But to not do a deal would risk letting Labour in, a much worse prospect than working alongside someone you don’t respect.  There were also plenty of policies in common: sovereignty, enterprise, controlled immigration, small state, low taxes, school choice, freedom of speech etc.

But no deal was forthcoming. In 2014 Toby Young set up “Country Before Party” to persuade party activists to arrange local deals without head office permission. But serious pushback from both party operations convinced him to shelve the idea.

The nearest to cooperation we have been since then – and it was not very near – was the suggestion from Patrick O’Flynn – UKIP economics spokesman and spin doctor – that “if the Tories really want to stop a Labour government, then perhaps, unilaterally, they should stand aside in those seats.” ((The seats north of Birmingham where voting Tory may well aid the election of a Labour MP))

Posh and posherer

Young believes that Farage delights in frustrating Cameron, because Farage believes that the Tories have abandoned people like him. Both Farage and Cameron are the public-school sons of stockbrokers, but Eton, Oxford and the Bullingdon mean that Cameron is posher.

Only slightly posher to most of us, but perhaps infinitely so to the men themselves. Like intra-metropolitan football rivalries and the old joke about the protestant sects, the closer you are in a hierarchy, the greater the divisions seem. (( Emo Phillips, 1985: Once I saw this guy on a bridge about to jump. I said, “Don’t do it!” He said, “Nobody loves me.” I said, “God loves you. Do you believe in God?” He said, “Yes.” I said, “Are you a Christian or a Jew?” He said, “A Christian.” I said, “Me, too! Protestant or Catholic?” He said, “Protestant.” I said, “Me, too! What franchise?” He said, “Baptist.” I said, “Me, too! Northern Baptist or Southern Baptist?” He said, “Northern Baptist.” I said, “Me, too! Northern Conservative Baptist or Northern Liberal Baptist?” He said, “Northern Conservative Baptist.” I said, “Me, too! Northern Conservative Baptist Great Lakes Region, or Northern Conservative Baptist Eastern Region?” He said, “Northern Conservative Baptist Great Lakes Region.” I said, “Me, too!” Northern Conservative Baptist Great Lakes Region Council of 1879, or Northern Conservative Baptist Great Lakes Region Council of 1912?” He said, “Northern Conservative Baptist Great Lakes Region Council of 1912.” I said, “Die, heretic!” And I pushed him over.))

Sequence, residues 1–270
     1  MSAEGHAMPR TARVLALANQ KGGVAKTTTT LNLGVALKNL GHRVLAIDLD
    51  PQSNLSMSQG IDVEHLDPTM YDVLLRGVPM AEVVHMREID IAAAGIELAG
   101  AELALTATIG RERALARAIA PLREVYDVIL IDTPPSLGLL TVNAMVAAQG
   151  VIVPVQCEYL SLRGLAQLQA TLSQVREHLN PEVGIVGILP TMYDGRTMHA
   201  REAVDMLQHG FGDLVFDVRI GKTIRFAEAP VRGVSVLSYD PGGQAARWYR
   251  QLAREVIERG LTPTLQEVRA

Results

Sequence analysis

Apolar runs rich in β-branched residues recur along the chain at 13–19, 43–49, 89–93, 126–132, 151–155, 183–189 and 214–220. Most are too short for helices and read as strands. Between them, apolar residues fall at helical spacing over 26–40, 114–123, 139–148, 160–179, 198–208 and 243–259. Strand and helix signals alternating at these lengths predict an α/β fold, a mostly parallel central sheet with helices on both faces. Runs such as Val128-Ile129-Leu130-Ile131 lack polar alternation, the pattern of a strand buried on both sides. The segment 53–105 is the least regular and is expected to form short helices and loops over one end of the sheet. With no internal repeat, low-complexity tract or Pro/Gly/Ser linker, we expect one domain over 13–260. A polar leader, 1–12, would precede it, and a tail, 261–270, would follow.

See also:  Election A to Z --- S is for Scotland

Cameron is the archetype of all those people that rejected all those people who feel rejected. He would be better off following Boris’s approach, though that might not be something that everyone can pull off.

Where did it all go right?

UKIP began life back in 1993 as a Eurosceptic pressure group. At the time, its founders – amongst them Farage – would have seen the party’s current levels of popularity as success. Yet the feeling remains that following their victory in the European parliament elections last year, they should be doing better.

That they are not is partly down to Labour’s refusal to roll over in the face of overwhelming economic evidence that the current government knows what it is doing, partly because Ed Milliband does not seem to repel voters to the extent that was expected, and partly because the emergence of the SNP since losing the Scottish referendum has taken the spotlight off UKIP, and reminded a certain section of the English electorate that it’s not just the EU they need to worry about.

It is important to remember that the reason this is the closest general election in loving memory is UKIP. The SNP are heading for a landslide in Scotland, but they have only four percent of the vote, and the vast majority of their new seats will be taken from Labour.

The right wing vote has increased substantially since 2010, and in normal circumstances Cameron would be heading for a majority. He is not because UKIP took 15% of the vote from him last year, and despite the southern English fear of a Labour/SNP government, he is unlikely to get much more than half of it back on polling day.

UKIP may be on course for only two or three MPs, but they have changed the course of this election. And who knows, they may still get their referendum. Something that Nigel would undoubtably raise a glass to.

To see more of our election coverage, please go to our Election A to Z page.

Until next time.

Mike is the owner of 7 Circles, and a private investor living in London. He has been managing his own money for 39 years, with some success.

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Election A to Z — U is for UKIP

by Mike Rawson time to read: 5 min